Another huge development which has occurred since I last wrote features our smallest but no less loved site on the Hamble River.  This is where we have our strip of ancient woodland meandering alongside the Hamble estuary, complete with its salt marshes and reed bed habitat all of which are of critical importance on an international scale.  As such the site has just about every designation you can throw at it; SSSI, SAC, SPA, RAMSAR, NNR (I will let you google all those).  The site is prone to pressure from encroaching development which knocks at its boundaries and also from sea level rises and higher tides, already evident, which are slowly eroding away the woodland edge and resulting in the loss of some impressive veteran trees.  Last year a chance came up for us to help safeguard the site and try and relieve some of the pressure on this woodland.  After many months of consultations, project boards and application papers as well as a lot of hard work from all involved, we finally got the go ahead to purchase a parcel of land that had gone up for sale bordering the woodland, using project Neptune funding (this is a fund source the National Trust set up to help buy areas of coastline/estuary that need safeguarding).  With this funding we were then able to successfully buy the land and got full ownership of the area in July this year – much to my beaming, excited, bountiful delight!  After all the months of uncertainty as to whether we could get the funding or whether someone else would buy it out from under us – it’s ours!  We have not just bought a land parcel; we have bought a chance to prevent the habitat here from succumbing to the pressures of increasing population and climate change.  The new parcel of land can be allowed to regenerate and turn into woodland, with access through it which will help take the pressure off the current woodland area which is suffering badly from soil erosion and excessive runoff.  Increasing the woodland will help counteract the runoff that comes with the nearby developments, and provide more space for people to roam without all hitting the same area too hard.  It will also be the woodland of the future, as the current one is lost to the rising estuary; it now has a chance to extend outwards and survive.  I find it mind boggling to think that this is the beginning of something that will stand for centuries; long after I am gone, this special place will remain.  A huge thank you to everyone who put their heart into this project and acquiring this piece of land, including Peter Nixon, Richard Henderson, Paul Cook, Dylan Everett, James Taylor and other members of the board – take a walk through the Hamble woodlands on a summer’s day like today, look out across the historic estuary and feel just how precious an area you have helped to protect for the future.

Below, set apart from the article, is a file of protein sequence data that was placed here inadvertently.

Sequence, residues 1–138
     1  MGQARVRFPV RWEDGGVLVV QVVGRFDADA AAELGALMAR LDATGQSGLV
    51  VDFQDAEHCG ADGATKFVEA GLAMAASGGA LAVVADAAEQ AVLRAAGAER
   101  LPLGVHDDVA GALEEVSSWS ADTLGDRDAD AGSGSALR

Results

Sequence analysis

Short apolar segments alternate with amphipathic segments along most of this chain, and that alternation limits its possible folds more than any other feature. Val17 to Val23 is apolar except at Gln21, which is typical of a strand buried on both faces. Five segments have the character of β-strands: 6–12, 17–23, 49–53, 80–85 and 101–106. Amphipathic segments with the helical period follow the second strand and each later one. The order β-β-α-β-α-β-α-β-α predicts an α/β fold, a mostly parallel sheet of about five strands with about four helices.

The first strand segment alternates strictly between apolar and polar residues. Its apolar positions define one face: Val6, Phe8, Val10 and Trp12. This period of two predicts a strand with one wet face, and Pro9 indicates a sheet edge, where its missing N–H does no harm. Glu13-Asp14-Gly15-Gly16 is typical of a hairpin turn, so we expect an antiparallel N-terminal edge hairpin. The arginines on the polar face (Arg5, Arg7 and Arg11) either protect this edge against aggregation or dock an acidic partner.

Looking out at the estuary from our woodlands - stunning.

 And so our work goes ever onwards with the seasons, always fighting to conserve and manage the land we own and safeguard it for the future, whilst always opening our minds to new opportunities and chances to save more land from the clutches of urban sprawl.  This is the time of year when I begin to count the last few signs of a fading summer, a season I love so much for its vibrancy and light and life (although the brambles, nettles, horse flies and ticks do get a little tiring).  The Turtle Doves have long since flown from Stockbridge Down; their purring calls have fallen silent. 

The backside of a Turtle Dove! Best shot i could get...apart from some decent film footage which is too large to upload here.

However the weather is glorious and there is still life in the old girl of summer yet, with the swallows dancing crazily around our farmyard, still very much with us, and, more importantly, the very promising looking start of the foragers harvest….blackberries, sloes, hazelnuts, walnuts are all popping out and, most importantly of all – the apple harvest.  My beady eye has already clocked the ripening apples on trees across our estate including our orchard, carpark and woodland apple trees.  Very soon now I will begin the scrumping and pillaging ready for my annual cider making mid-September.  Definitely one of the highlights to summers end! 
Mmmm..not long now my lovelies, until i pulp you to juice...

I shall leave you with a selection of photos that detail the sights and sounds of working in the countryside over the summer months far better than my words (and if you only ever want the photos and not the words then follow me on Instagram, username: swhantsnt).  Enjoy!

Chalkhill Blue butterflies emerged in their hundreds on the Down

Golden Ringed Dragonfly

Hornet Robber fly on Stockbridge - a rarity!

The Curious Cattle of Stockbridge Down, lurking in the undergrowth

Ryan modelling a Comma butterfly

You know you have improved on your wildflower ID when you can tell these three apart - L-R = Mouse Eared Hawkweed, Smooth Hawksbeard and Rough Hawks Bit....i think...

Synchronized bumbling

Wasp spiders on Stockbridge Marsh - this Shelob caught and wrapped a bush cricket before my eyes!

Flag Iris seed pods - whopping!

The Harebells of summer

Common Blues mating

The Curious Cattle of Stockbridge assaulting my truck - again

More new Juniper babies this year! So teeny!

PS: Working in the current heat levels is helping me to acclimatise for my Sahara trek in November (and making me realise just quite what I’m letting myself in for!).  If you wish to donate towards my 100km challenge, in honour of Water Aid, then please click the link below – thank you!